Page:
There are trips, and there are vacations, and there are experiences that change the way you see the world.
I remember feeling that way the first time I traveled to Honduras–my view of God grew just a bit bigger & His canvas stretched further. I understood the world better, and I left a part of myself there–a younger, more ignorant and selfish part. I have been back many times, and each time it becomes harder and harder to leave.
I experience there–I connect there. I am a less self-involved version of me when I’m there. I am slower, more purposeful, more resolute. I love that place, I love the people, and I love What we are there to do.
I have to tell you I wasn’t all that excited about going to South Africa. I know–holy ingrate, batman.
But it’s been an insane time with our business/shop/blog lately, and I knew it was going to be a hard time to be away. Plus, I had spent the last month not feeling well, and I was a little worried I would arrive in the bush only to be on the first med-jet back to Johannesburg. BUT…(and I’m not sure how much I’ve mentioned this before) Matt works in the wholesale tire industry, and when we got the chance to travel to South Africa with Goodyear Tire, he promptly told me to get over my work, my attitude, and my life and pack a bag already.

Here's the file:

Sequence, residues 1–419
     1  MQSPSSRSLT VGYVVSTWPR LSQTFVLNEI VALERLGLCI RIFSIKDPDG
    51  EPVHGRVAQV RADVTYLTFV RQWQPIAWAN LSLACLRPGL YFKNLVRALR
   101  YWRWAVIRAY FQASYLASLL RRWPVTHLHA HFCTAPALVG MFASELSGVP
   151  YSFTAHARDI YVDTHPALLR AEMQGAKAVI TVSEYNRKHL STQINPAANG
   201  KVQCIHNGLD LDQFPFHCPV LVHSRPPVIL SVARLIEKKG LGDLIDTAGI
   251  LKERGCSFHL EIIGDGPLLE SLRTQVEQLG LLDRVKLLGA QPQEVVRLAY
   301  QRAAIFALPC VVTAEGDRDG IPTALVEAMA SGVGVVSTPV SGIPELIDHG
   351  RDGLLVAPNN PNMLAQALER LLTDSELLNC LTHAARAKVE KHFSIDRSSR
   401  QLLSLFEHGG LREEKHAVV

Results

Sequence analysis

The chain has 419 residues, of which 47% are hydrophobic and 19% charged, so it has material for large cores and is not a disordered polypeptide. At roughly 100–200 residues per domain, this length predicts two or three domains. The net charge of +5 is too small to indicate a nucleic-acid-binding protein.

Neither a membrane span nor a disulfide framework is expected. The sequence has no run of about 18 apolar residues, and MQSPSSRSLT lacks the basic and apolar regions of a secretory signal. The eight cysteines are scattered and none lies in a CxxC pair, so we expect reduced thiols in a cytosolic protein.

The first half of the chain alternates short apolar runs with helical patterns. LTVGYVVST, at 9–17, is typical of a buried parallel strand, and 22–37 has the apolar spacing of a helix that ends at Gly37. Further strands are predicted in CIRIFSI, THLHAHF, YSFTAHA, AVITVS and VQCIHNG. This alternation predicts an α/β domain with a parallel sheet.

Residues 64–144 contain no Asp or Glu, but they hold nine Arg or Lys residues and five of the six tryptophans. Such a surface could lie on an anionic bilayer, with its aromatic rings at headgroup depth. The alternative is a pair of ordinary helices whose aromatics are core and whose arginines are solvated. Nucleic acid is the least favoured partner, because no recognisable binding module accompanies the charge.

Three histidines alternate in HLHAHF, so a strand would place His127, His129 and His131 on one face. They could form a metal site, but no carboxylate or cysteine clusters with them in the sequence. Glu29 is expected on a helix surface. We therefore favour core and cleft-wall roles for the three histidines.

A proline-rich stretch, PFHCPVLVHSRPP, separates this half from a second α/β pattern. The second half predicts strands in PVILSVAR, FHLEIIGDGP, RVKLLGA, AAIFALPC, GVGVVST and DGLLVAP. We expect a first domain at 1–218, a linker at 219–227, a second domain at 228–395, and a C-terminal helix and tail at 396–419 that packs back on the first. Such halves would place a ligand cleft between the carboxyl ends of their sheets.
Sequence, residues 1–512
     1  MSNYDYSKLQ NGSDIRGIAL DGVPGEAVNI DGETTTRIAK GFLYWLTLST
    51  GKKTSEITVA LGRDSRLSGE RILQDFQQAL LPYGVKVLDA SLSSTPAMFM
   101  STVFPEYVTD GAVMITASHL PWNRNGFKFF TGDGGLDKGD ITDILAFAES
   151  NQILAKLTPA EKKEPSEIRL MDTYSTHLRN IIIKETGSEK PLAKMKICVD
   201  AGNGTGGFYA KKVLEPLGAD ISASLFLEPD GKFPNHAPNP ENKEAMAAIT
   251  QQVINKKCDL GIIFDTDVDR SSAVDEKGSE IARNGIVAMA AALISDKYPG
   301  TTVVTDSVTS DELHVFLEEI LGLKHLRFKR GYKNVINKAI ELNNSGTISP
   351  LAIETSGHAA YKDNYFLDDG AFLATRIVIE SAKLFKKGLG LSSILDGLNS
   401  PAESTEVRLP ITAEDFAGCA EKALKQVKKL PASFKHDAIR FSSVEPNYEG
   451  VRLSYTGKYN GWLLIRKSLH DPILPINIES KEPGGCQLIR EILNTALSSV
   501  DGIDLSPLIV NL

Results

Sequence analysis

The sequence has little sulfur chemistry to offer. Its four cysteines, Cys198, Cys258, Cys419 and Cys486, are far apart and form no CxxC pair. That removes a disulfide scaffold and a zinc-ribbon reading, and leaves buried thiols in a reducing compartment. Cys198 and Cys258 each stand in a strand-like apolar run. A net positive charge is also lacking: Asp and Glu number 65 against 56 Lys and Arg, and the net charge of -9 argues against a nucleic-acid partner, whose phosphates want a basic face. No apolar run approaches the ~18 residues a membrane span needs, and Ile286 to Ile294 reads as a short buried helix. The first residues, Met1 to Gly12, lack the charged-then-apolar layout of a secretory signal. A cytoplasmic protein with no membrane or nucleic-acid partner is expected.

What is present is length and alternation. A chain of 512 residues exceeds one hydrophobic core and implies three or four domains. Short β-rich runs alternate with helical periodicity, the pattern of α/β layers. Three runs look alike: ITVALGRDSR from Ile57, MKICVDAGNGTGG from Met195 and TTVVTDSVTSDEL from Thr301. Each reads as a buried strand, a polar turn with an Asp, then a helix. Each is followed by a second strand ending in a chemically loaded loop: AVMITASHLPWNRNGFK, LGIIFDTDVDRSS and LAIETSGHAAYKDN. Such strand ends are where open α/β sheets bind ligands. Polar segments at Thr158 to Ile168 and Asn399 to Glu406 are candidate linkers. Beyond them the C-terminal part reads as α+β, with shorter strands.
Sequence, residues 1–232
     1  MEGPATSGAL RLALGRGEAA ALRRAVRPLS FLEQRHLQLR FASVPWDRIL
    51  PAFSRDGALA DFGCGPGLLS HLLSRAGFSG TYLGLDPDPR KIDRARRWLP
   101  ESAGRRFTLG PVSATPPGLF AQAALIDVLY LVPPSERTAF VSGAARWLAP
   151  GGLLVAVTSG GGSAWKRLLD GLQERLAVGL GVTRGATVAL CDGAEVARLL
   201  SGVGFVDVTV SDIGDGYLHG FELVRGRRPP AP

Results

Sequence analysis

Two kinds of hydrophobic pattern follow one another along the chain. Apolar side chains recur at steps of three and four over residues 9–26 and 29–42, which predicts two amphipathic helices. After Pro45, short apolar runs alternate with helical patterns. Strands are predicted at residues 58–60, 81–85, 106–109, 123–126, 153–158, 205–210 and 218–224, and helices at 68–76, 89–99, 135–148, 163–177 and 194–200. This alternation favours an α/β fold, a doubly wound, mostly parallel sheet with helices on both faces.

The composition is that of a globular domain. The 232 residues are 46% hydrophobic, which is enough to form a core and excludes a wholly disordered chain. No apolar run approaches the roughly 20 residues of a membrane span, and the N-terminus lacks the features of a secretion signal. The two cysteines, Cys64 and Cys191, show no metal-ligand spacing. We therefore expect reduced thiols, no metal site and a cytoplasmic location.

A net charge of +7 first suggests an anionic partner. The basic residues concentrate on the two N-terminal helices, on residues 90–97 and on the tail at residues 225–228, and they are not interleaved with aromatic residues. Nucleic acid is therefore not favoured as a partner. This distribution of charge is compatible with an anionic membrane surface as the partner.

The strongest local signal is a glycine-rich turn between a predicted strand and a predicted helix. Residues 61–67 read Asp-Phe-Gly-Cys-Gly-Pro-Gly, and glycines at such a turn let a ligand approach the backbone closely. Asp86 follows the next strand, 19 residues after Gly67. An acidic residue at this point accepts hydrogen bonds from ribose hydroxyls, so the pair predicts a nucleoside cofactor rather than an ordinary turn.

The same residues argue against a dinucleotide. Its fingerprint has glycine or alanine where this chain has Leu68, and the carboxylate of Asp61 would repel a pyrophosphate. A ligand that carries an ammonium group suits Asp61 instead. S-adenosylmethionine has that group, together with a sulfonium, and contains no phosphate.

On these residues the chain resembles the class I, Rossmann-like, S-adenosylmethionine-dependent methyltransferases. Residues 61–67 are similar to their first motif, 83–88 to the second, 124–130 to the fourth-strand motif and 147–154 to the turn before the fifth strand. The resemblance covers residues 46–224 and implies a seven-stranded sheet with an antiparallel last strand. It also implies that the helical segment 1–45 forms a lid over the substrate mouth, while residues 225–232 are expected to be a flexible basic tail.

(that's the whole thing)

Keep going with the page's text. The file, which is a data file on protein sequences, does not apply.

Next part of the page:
Well done, honey, well done.
I am not sure words will quite do justice to the experience that was South Africa, but I have to leave this time stamp here–this record of that life-changing week. We’ll get back to the room makeovers & furniture painting soon, but I hope I can convince you of this by the end of the week: you must, must go there. Get it on that bucket list, girl.
Or big, strapping man.
We were groggy and unkempt when we hit the ground in Johannesburg, South Africa, at 6:30 p.m. local time (a mere 7 hours ahead of Alabama). Our flight time hit around 15 hours, plus our connection, and while the service was amazing, we were beat nonetheless.
We arrived at the gorgeous hotel, and walked down to dinner within the hour. It was delicious, and my body was very confused already–I was stuffed, but wound up starving and craving everything at 3 a.m. So, of course, like any jet-lagged southerner, I woke up to start the day. We had a quick breakfast and safari orientation.